d) not to let loose, to bind, to attach: “a weak bond --s you,” Mids. III, 2, 268. “what hoop should h. us stanch,” Ant. II, 2, 117. With to: “h. you ever to our special drift,” Meas. IV, 5, 4. “whoever charges on his forward breast, I am the caitiff that do h. him to't,” All's III, 2, 117. “do not h. me to mine oath,” Troil. V, 2, 26. “his promise, which you might have held him to,” Cor. II, 3, 202.
e) to keep fast, to restrain from motion, to stop, to detain: “sad talk, wherewith my brother held you in the cloister,” Gent. I, 3, 2. “I have held him here too long,” Err. IV, 1, 47. “what secret hath held you here?” Ado I, 1, 206. “now she --s me not,” Mids. III, 2, 335. “here's none will h. you,” Shr. I, 1, 107. “Fabian can scarce h. him yonder,” Tw. III, 4, 310. “--ing the eternal spirit in the vile prison,” John III, 4, 18. “we cannot h. mortality's strong hand,” IV, 2, 82. “the winds that held the king so long in his unlucky Irish wars,” H4A V, 1, 52. “what rein can h. licentious wickedness?” H5 III, 3, 22. “wherefore do you h. me here so long?” Caes. I, 2, 83. “I will not h. thee long,” IV, 3, 265. “fate held his hand,” Wiv. III, 5, 106. “persuade him to h. his hands,” Err. IV, 4, 23. h. your hand or hands == do not strike: Err. I, 2, 93. All's IV, 3, 215. H6A III, 1, 87. Lr. III, 7, 72. IV, 6, 164. Oth. I, 2, 81. II, 3, 154 etc. h. my tongue (== am silent): Sonn. 102, 13. Err. IV, 4, 22. As II, 5, 30. John IV, 1, 97. H6A III, 1, 61. V, 3, 42. Mcb. II, 3, 125 etc. With from, == to keep back from: “we for the worthiest h. the right from both,” John II, 282. “my cloud of dignity is held from falling,” H4B IV, 5, 100. “your crown and kingdom indirectly held from him,” H5 II, 4, 94. “hath held my eyes from rest,” R3 IV, 1, 82 (Qq kept). “may h. him from the Capitol,” Caes. II, 1, 201. “from whom this tyrant --s the due of right,” Mcb. III, 6, 25. cf. “that --s thee hence,” All's III, 2, 126. With “back:” Lucr. 1789. Sonn. 65, 11. H4B II, 3, 66. With “off:” R3 IV, 5, 5 (Qq witholds). Oth. III, 3, 248. With out: “h. out water in foul way,” H4A II, 1, 93. “stony limits cannot h. love out,” Rom. II, 2, 67. “mine eyes cannot h. out water,” Tim. I, 2, 111. With in, == not to speak of: Lr. V, 3, 202.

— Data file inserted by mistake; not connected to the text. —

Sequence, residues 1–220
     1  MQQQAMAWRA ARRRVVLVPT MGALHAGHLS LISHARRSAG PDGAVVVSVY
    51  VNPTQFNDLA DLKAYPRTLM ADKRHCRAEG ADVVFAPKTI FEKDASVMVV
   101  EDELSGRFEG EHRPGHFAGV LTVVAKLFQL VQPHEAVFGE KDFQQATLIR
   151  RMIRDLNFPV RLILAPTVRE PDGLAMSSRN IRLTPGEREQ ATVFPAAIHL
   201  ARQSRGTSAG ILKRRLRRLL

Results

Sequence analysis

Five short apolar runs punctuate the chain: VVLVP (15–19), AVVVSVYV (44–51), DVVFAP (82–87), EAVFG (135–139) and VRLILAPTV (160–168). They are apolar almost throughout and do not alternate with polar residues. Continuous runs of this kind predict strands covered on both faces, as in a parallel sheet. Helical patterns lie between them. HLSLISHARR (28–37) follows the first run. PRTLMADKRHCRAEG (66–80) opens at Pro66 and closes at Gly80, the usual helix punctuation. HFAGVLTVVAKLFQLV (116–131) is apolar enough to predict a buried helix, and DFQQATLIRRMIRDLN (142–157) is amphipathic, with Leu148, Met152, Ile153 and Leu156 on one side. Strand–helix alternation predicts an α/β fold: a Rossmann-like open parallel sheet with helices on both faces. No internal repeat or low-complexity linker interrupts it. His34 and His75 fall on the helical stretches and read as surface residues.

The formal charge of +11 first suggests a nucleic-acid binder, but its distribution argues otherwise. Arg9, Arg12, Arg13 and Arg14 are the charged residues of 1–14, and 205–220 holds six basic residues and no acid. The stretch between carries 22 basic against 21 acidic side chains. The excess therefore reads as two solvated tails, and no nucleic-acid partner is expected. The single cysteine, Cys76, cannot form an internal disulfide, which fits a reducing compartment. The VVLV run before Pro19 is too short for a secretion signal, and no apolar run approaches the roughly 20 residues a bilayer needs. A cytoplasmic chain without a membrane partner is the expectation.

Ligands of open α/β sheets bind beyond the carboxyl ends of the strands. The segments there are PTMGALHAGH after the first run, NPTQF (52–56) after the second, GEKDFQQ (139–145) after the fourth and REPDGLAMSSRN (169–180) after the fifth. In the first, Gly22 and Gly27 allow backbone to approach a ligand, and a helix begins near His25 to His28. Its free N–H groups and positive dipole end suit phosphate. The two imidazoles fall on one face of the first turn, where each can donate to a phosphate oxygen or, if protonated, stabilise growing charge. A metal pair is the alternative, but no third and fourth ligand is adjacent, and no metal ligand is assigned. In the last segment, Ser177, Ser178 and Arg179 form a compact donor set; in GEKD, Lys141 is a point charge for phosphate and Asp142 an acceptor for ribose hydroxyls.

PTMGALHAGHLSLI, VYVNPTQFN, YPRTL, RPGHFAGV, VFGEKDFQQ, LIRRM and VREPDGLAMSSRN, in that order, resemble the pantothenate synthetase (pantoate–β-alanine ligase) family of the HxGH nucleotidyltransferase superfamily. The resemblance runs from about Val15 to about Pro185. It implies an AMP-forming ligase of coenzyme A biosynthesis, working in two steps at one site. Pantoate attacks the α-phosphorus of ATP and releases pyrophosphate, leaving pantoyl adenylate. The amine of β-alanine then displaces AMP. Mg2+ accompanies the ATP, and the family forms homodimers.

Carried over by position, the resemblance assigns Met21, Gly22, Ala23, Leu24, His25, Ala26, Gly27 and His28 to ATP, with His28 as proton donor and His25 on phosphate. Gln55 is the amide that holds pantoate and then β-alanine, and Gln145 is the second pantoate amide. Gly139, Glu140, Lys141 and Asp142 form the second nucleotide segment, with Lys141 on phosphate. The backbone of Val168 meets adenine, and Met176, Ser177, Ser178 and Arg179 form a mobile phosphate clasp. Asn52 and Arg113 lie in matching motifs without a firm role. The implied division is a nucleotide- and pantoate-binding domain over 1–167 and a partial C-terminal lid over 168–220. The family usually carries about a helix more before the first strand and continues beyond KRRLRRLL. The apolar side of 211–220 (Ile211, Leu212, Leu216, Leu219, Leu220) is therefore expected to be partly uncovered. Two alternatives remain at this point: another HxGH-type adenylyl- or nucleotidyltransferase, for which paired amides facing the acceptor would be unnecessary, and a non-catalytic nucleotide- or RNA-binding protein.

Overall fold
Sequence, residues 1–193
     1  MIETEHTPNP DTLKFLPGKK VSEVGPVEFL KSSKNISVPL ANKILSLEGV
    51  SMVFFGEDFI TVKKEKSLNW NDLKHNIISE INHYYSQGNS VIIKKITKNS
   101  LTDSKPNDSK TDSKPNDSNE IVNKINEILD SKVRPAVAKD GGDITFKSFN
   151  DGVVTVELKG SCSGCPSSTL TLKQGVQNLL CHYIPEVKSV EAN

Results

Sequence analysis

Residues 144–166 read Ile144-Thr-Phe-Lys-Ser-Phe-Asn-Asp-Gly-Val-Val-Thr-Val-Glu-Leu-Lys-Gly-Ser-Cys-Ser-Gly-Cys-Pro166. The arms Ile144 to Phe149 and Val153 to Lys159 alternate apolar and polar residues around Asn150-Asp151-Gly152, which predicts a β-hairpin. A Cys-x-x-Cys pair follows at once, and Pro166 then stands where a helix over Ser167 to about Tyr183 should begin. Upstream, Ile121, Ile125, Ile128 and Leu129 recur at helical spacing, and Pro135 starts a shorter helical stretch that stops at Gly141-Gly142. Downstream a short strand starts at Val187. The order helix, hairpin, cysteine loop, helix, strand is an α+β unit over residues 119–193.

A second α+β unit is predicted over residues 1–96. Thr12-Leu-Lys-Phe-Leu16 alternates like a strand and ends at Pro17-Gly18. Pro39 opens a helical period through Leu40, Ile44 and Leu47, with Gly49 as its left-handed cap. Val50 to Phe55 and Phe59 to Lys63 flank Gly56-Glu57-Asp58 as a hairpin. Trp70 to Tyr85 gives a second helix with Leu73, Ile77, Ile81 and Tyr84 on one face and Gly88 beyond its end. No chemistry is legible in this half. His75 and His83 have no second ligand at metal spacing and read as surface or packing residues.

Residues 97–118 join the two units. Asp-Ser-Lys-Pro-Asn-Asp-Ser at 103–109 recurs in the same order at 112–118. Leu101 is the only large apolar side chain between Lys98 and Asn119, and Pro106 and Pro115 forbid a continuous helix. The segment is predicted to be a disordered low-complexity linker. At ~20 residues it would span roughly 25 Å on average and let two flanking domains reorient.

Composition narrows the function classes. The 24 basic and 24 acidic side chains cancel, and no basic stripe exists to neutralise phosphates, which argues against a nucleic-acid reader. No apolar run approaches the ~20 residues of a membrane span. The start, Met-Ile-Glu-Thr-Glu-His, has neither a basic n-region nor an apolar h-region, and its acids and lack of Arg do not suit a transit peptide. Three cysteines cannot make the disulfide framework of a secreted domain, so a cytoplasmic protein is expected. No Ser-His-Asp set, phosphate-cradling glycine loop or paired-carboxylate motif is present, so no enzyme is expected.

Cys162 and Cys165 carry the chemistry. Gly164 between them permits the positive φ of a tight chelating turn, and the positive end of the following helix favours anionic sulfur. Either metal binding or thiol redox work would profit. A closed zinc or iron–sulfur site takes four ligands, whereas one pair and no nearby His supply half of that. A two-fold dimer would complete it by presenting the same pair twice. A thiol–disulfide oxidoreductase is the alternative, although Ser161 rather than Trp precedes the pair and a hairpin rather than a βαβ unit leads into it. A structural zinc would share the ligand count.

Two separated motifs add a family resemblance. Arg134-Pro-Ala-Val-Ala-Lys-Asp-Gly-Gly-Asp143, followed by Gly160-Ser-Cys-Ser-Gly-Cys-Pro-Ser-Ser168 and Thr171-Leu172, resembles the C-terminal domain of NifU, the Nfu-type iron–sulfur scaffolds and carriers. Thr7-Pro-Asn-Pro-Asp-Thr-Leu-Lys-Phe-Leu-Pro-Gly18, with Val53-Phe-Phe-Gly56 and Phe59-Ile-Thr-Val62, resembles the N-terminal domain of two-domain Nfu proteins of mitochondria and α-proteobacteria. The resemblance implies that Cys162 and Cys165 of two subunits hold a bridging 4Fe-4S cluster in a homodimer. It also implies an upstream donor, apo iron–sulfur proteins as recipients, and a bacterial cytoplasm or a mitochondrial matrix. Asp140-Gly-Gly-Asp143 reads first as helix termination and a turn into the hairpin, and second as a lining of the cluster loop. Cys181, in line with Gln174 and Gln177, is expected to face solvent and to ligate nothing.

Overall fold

Hence == to retard, to make lose time, to cause to linger: “he held me last night nine hours in reckoning up,” H4A III, 1, 156. “h. me not with silence overlong,” H6A V, 3, 13. “he'll wrest the sense and h. us here all day,” H6B III, 1, 186. “any cruelty that can torment him much and h. him long,” Oth. V, 2, 334.
f) to contain: “my body is the frame wherein 'tis held,” Sonn. 24, 3. “that poor retention could not so much h.” 122, 9. “more devils than vast hell can h.” Mids. V, 9. “no woman's heart so big, to h. so much,” Tw. II, 4, 99. “more than my pack will h.” Wint. IV, 4, 289. “can this cockpit h. the fields of France,” Wint. IV, 4, 289. “let me have such a bowl may h. my thanks,” H8 I, 4, 39. “as big as hell can h.” Cymb. II, 4, 140.